Steve Mirsky on Muck Rack

Steve Mirsky

New York City
Editor, Columnist, and Podcaster — Scientific American

Editor, columnist, podcaster for @sciam magazine. Opinions expressed are my own and are subject to revision with new information. Bar Mitzvah boy.

Chilean Wines: Long on Unique and Flavorful Notes — Photo Credit: The concept of grapes and winemaking was little known in Chile before Spanish conquistadors invaded during the 1500s, planting Pais vines which are now considered the country's national grape. At the time, Pais, also known as "mission grapes," fed a growing need for sacramental wine used during Catholic masses.

Flint's Water and Environmental Justice — The University of Michigan's Paul Mohai, a leading researcher of issues related to environmental justice, talked about the Flint water crisis at a workshop sponsored by the Institute for Journalism & Natural Resources, attended by Scientific American contributing editor Robin Lloyd.

Polar Bears Can't Just Switch To Terrestrial Food — When the Arctic Ocean freezes over in the autumn, polar bears set off in search of their favorite meals: fatty ringed seals and bearded seals. By the summer, the sea ice begins to melt and break apart. Deprived of access to the tasty seals, polar bears spend the summer fasting.

Flowers Deceive Flies With Chemical Cocktail

Kick Off Montreal's 375th Anniversary With These Luxury Hotels and Key Attractions — Photo Credit: BakerJarvis/ Montréal is possibly one of Canada's most diverse cities. It's a place where summer festivals showcase everything from jazz to French music and local culture. This destination is where the present meets the past through architecture and long held traditions, and is ultimately a city where visitors go to experience gourmet food and a lively nightlife.

Feed Microbes Oxygen to Help Clear Spilled Oil — On June 3rd, a train loaded with highly volatile crude oil derailed just outside the small town of Mosier in Oregon's Columbia River Valley. More than 40,000 gallons of crude spilled out of the train. Some burned away in a 14-hour long fire at the scene. Some got into the wastewater treatment system.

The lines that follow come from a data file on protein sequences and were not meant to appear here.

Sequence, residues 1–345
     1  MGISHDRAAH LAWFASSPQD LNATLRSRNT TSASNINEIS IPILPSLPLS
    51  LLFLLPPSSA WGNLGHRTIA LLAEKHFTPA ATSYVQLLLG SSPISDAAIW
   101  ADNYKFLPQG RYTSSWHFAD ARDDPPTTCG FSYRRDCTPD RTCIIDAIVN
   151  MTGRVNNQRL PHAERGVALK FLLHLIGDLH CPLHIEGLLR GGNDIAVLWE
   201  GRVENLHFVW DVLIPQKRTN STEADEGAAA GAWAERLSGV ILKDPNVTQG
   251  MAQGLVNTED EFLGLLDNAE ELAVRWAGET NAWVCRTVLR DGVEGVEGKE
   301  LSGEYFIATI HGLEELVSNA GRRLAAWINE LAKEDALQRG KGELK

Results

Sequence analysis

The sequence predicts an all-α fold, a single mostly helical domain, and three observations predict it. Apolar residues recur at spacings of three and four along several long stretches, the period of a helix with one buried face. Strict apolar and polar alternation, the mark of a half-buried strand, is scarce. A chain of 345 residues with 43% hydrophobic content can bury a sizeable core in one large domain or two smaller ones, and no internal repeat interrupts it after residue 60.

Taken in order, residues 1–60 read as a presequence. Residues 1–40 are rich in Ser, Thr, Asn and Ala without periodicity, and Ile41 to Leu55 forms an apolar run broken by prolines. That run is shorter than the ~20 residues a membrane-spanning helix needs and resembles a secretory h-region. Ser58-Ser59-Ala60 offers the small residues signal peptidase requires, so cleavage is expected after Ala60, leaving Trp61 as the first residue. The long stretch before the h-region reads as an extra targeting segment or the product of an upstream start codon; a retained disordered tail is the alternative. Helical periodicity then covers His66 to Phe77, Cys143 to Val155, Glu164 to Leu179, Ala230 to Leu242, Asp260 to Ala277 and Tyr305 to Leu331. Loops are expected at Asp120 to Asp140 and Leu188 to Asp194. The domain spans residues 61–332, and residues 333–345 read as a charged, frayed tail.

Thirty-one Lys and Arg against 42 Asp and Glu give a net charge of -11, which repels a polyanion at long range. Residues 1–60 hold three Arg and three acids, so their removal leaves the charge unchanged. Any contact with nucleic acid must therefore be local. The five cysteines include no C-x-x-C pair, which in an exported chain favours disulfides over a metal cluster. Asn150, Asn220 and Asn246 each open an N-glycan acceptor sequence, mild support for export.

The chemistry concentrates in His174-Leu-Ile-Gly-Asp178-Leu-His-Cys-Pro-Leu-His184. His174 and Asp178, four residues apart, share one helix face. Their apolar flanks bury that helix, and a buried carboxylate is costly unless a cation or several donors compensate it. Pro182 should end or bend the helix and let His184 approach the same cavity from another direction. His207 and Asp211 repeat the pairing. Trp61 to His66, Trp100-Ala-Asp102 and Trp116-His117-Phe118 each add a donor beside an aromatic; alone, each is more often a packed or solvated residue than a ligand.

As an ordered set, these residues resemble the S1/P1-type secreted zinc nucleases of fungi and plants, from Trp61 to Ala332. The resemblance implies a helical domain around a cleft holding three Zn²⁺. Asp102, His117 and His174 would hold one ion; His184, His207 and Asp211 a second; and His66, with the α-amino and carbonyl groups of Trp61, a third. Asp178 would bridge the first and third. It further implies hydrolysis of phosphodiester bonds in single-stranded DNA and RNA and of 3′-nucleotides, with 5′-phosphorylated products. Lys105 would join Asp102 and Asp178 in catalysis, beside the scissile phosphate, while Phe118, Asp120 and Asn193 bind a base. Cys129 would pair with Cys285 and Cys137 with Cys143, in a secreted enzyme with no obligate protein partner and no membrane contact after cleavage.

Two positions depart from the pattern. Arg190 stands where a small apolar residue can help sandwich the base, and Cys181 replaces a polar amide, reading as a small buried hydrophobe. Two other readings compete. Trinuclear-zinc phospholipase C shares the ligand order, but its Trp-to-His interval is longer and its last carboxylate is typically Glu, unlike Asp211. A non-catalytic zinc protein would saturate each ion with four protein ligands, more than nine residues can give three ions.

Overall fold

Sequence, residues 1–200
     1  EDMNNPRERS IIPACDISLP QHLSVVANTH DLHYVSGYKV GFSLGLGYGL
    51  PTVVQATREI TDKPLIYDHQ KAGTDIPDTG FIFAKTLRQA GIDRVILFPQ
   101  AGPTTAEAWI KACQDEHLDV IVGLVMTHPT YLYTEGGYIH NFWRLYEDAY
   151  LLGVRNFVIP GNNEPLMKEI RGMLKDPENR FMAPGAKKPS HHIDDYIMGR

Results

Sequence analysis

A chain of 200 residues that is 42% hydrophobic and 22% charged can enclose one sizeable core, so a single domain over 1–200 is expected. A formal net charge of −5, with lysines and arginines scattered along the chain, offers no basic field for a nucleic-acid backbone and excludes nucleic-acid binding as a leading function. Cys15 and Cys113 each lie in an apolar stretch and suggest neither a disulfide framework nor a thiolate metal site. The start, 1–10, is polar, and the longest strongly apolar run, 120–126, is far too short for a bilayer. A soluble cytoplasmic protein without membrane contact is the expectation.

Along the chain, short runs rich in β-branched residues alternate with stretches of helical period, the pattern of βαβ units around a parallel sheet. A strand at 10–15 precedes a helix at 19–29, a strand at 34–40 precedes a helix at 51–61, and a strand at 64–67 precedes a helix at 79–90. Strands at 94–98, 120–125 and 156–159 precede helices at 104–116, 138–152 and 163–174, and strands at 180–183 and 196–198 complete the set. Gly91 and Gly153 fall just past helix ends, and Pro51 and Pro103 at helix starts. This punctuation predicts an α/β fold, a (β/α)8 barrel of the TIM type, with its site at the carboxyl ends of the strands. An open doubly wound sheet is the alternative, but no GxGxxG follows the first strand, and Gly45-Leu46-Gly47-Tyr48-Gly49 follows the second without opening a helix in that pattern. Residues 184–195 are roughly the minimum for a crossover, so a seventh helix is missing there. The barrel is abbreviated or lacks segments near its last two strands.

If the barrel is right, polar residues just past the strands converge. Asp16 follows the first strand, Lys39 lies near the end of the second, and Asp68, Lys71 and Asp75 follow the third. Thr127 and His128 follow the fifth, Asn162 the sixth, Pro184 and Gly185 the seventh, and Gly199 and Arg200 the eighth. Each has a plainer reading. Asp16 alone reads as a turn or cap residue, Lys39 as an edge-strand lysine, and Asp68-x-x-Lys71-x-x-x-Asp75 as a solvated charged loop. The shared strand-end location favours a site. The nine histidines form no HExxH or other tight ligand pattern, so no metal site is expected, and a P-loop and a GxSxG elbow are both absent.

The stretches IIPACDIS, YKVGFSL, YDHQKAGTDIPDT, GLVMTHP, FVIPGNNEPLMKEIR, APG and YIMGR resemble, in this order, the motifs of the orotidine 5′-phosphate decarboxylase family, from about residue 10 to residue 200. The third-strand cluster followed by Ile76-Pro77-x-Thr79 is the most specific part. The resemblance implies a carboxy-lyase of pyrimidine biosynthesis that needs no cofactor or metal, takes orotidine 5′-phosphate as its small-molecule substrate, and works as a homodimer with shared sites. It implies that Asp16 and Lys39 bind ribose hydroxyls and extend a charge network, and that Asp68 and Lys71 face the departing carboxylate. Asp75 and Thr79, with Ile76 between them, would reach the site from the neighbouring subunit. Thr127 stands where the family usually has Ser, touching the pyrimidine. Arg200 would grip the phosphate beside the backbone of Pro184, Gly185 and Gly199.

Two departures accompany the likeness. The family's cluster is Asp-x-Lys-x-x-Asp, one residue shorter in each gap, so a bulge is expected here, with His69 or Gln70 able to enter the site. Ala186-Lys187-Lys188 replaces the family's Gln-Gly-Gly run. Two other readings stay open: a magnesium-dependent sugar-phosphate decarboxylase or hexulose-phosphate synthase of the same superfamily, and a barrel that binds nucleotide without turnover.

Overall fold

Elephant Footprints Become Tiny Critter Havens

Future Wetsuits Otter Be Warmer — Whales, seals and walruses stay warm in chilly water because they have a thick layer of blubber. We humans rely on something like blubber-neoprene rubber wetsuits-to spend time in cold water. But the thick versions for really icy water are heavy and ungainly.

Gender Influences Recommendations for Science Jobs — As in many other fields, gender bias pervades the sciences. Men score higher starting salaries, have more mentoring, and have better odds of being hired. Studies show they're also perceived as more competent than women in STEM fields. And, new research reveals that men are more likely to receive excellent letters of recommendation, too.

Chemistry Nobel Prize: Machines Too Small To See — The Nobel Prize in Chemistry was awarded today to Jean-Pierre Sauvage, Sir James Fraser Stoddart and Bernard L. Feringa for the design and synthesis of molecular machines.
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Oct 22, 2016

RT @stevesilberman: Remember when @DineshDSouza was considered a leading right-wing intellectual? No. No, I don't either.

Oct 22, 2016

RT @justin_kanew: Again this is @cecicardelle posing with @EricTrump in a "Latina contra (against) Trump" shirt, cuz the only Spanish…

Oct 22, 2016

RT @stevesilberman: He seems nice. This has become what daily life is like for Jews on Twitter in the Trump era.

Oct 22, 2016

RT @JuddApatow: Trump won't sue the women. He knows he would be deposed and all his behavior and comments would become evidence. He's a wimp.

Oct 22, 2016

RT @stevesilberman: Trump's terrible legacy will be a racebaiting demagogue who comes along someday and studies his videos to not make the…

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